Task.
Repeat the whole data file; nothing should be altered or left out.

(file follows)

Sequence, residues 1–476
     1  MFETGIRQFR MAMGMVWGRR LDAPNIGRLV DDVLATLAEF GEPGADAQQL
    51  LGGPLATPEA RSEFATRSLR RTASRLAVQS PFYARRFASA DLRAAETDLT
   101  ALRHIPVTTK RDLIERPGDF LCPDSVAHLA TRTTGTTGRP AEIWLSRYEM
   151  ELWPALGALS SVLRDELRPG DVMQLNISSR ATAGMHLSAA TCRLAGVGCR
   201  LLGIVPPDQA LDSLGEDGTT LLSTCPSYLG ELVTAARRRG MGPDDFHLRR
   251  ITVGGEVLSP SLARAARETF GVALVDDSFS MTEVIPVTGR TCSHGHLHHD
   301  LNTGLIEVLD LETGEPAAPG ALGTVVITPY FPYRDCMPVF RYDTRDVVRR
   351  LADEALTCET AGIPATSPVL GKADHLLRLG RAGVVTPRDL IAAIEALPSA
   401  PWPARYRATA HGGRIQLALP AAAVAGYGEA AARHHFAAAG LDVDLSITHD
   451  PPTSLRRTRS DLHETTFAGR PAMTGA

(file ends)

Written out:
Sequence, residues 1–476
     1  MFETGIRQFR MAMGMVWGRR LDAPNIGRLV DDVLATLAEF GEPGADAQQL
    51  LGGPLATPEA RSEFATRSLR RTASRLAVQS PFYARRFASA DLRAAETDLT
   101  ALRHIPVTTK RDLIERPGDF LCPDSVAHLA TRTTGTTGRP AEIWLSRYEM
   151  ELWPALGALS SVLRDELRPG DVMQLNISSR ATAGMHLSAA TCRLAGVGCR
   201  LLGIVPPDQA LDSLGEDGTT LLSTCPSYLG ELVTAARRRG MGPDDFHLRR
   251  ITVGGEVLSP SLARAARETF GVALVDDSFS MTEVIPVTGR TCSHGHLHHD
   301  LNTGLIEVLD LETGEPAAPG ALGTVVITPY FPYRDCMPVF RYDTRDVVRR
   351  LADEALTCET AGIPATSPVL GKADHLLRLG RAGVVTPRDL IAAIEALPSA
   401  PWPARYRATA HGGRIQLALP AAAVAGYGEA AARHHFAAAG LDVDLSITHD
   451  PPTSLRRTRS DLHETTFAGR PAMTGA